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The mystique of slot machines - part 221 October 2008
Last week, I started a look at the mystique of slot machines — a mystique that is mainly due to many players not understanding how the games and issues surrounding the games work.
Let's look at a few more frequently asked questions.
A. Let's start off by pretending we're flipping a coin. Results are random, right? In the long run, about half are going to be heads, and about half are going to be tails, but you can have winning streaks and losing streaks on either side.
Now let's say you're betting 50 cents on each flip. Each time you lose, I take your 50 cents. Each time you win, you keep your 50 cents, and I pay you 45 cents in winnings.
On the average, 20 flips will bring you 10 heads and 10 tails. You'll risk $10, and you'll have $9.50 left. The average expected payback is 95%.
So now you have a game in which results are random, but which also has a "programmed" payback percentage.
That's analogous to the way it works on the slots. The programmer sets the possibilities, and they will appear in a random fashion. In the long run, each possible combination will come close to the expected average number of appearances. And just as in our coin flip example, the payouts will be something less than would yield an even game.
A. Hold percentages are calculated differently on slots and table games, creating a statistical illusion. The unwary often are fooled. A televised special report — I don't remember if it was on CNBC or MSNBC — got it wrong a few years ago. Marilyn vos Savant once got it wrong in her "Ask Marilyn" column. A casino marketer got it wrong in a letter he sent to me many years ago.
The confusion comes because slot machines track every wager, and table games don't. Hold percentages on slots are the percentage of all wagers kept by the house, while table hold percentages are the percentage of all BUY-INS kept by the house.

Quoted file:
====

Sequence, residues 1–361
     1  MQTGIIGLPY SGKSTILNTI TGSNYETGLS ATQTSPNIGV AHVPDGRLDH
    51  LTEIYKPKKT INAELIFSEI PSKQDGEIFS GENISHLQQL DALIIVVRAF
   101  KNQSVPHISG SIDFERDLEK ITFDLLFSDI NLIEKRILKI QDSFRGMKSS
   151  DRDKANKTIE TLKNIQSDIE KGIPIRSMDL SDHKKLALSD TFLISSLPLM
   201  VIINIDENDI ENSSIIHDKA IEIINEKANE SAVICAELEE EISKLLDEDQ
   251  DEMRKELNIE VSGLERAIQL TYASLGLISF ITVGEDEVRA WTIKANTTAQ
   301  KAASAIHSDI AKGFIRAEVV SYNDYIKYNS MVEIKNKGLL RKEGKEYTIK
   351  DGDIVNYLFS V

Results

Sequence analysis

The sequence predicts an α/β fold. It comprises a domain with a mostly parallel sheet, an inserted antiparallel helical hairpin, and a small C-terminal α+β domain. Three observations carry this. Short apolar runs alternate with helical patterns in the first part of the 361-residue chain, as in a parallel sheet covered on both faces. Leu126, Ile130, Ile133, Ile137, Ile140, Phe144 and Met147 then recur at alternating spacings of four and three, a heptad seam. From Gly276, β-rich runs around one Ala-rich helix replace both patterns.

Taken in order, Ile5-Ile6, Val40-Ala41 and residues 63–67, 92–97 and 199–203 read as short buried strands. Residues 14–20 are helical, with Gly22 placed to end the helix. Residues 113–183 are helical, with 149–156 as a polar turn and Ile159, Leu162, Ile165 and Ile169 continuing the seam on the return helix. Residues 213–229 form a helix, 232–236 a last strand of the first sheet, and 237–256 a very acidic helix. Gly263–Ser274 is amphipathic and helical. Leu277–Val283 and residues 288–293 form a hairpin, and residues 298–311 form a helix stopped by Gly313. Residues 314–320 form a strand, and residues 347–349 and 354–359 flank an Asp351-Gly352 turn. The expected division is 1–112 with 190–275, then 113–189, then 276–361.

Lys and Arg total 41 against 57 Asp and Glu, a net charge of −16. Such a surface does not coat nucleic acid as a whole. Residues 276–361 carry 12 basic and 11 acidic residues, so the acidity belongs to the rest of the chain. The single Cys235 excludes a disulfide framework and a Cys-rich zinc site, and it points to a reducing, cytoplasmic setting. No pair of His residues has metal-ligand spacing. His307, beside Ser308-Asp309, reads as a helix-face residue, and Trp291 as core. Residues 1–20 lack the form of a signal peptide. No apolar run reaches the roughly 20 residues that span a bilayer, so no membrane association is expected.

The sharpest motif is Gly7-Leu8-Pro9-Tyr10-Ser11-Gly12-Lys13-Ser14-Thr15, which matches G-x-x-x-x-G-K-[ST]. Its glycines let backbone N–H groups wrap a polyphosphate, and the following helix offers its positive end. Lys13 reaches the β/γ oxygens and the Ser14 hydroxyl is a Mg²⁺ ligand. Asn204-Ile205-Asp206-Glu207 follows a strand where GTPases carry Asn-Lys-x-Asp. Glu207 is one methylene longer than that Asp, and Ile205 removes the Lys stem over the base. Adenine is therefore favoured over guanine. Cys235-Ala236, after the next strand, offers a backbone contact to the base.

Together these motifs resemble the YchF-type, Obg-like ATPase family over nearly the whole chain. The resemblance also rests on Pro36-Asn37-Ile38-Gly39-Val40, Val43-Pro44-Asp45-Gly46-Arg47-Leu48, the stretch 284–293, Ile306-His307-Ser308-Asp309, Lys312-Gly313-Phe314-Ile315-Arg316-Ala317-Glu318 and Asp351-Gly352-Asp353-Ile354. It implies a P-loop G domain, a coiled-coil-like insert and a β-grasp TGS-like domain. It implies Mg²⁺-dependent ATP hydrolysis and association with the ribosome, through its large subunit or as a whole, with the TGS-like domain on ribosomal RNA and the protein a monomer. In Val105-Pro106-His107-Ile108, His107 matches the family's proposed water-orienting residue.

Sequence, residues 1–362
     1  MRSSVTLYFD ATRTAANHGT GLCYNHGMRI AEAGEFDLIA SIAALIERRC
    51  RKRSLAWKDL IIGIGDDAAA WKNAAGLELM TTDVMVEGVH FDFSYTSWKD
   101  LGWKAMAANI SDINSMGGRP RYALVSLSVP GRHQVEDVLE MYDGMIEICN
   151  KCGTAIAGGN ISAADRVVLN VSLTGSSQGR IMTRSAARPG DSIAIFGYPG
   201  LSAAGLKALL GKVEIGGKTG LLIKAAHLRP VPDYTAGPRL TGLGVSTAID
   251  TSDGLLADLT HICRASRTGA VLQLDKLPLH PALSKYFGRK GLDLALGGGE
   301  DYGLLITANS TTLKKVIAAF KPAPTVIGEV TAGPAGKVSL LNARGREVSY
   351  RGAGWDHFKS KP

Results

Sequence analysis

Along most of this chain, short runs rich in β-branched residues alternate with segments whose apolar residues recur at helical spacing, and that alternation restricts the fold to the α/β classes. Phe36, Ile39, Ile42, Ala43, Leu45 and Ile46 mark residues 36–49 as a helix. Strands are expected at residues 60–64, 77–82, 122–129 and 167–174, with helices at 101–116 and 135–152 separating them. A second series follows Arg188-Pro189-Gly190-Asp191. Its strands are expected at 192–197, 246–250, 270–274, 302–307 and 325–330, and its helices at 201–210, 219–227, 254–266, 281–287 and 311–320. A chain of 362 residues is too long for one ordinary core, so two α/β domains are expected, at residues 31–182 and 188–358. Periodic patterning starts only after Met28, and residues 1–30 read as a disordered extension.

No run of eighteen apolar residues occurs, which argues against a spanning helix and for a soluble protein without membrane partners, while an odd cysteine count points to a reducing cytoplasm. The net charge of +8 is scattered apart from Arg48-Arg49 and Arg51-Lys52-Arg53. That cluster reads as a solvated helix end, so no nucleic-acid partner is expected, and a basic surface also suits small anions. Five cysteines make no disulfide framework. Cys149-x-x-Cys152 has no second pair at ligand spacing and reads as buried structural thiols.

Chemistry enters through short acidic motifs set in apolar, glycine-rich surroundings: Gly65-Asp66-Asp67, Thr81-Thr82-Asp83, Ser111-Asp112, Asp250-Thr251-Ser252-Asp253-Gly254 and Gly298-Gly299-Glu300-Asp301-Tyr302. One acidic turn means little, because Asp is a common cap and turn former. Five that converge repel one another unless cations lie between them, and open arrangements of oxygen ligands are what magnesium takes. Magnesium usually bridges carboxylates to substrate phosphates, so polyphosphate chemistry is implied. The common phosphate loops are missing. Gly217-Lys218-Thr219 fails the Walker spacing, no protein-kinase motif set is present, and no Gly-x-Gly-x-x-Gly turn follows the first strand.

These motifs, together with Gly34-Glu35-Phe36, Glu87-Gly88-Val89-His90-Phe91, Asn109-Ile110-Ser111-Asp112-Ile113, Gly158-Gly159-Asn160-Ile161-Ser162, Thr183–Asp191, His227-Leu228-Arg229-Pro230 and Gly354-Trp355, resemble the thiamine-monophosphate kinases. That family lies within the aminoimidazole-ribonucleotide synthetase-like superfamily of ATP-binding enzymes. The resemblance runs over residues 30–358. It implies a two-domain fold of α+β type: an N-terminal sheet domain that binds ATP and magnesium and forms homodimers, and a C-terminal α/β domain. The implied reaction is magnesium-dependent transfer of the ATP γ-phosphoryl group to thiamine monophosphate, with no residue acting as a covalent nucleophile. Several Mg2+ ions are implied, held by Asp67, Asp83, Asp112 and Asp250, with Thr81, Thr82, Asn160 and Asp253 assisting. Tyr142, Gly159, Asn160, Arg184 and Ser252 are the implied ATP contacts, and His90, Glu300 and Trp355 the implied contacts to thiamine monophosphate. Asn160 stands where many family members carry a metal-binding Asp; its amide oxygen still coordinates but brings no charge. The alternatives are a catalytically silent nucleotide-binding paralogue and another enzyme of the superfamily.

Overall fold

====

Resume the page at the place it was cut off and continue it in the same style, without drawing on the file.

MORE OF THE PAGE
When I slide $100 into the bill validator on a slot machine. I win on some spins, lose on more, and continue to play. Let's say I've had about average luck on a dollar machine, and before I lose my $100, I've had enough winning spins to make $2,000 in wagers. In the end, I lose 100/2,000ths, or 5%, of my total wagers. That 5% is the slot hold percentage for my play.
Now let's say I sit down at a blackjack table, and push $100 across the layout to the dealer, who then gives me $100 in casino chips. I bet $5 a hand, and I win some and lose a little more. A couple of my $5 chips bring smaller denomination tokens when I win 3-2 payoffs on blackjacks. I stick around to replay my winnings until I've made $2,000 worth of bets, and find I've lost $14. So I go to the cage to cash in $86 worth of chips.
What is the casino's hold on my table action? It's $14 of my $100 buy-in, or 14%.
Look at that carefully. I've wagered the same amount of money at table and slot, and walked away from the table with most of my money while losing it all on the slot. Yet the hold percentage is higher at the table.
That's one of the basics of casino math. Slot hold percentages and table hold percentages measure different things and cannot be used to compare one to the other.
A. The house edge is higher and the games are faster on the slots. If you're playing $5-a-hand blackjack at a full table at about 50 hands an hour, you¹re risking $250 an hour. The house assumes it has about a 2% edge — the real edge differs with player skill — making your expected loss about $5 an hour. The house will issue comps based on that.
If you're playing a 25-line penny slot, even if you're betting only 1 cent per line, at a moderate pace of 500 plays per hour, you risk $125 per hour. House edges on slots vary from casino to casino, but we can use 13% as an average figure on pennies. Your expected loss per hour becomes $16.25.
Note that even betting one penny per line, the slot player is much more valuable to the casino than the $5 blackjack player — more valuable than even a $15 a hand player. That's why slot players get more in comps.
This article is provided by the Frank Scoblete Network. Melissa A. Kaplan is the network's managing editor. If you would like to use this article on your website, please contact Casino City Press, the exclusive web syndication outlet for the Frank Scoblete Network. To contact Frank, please e-mail him at email@example.com.
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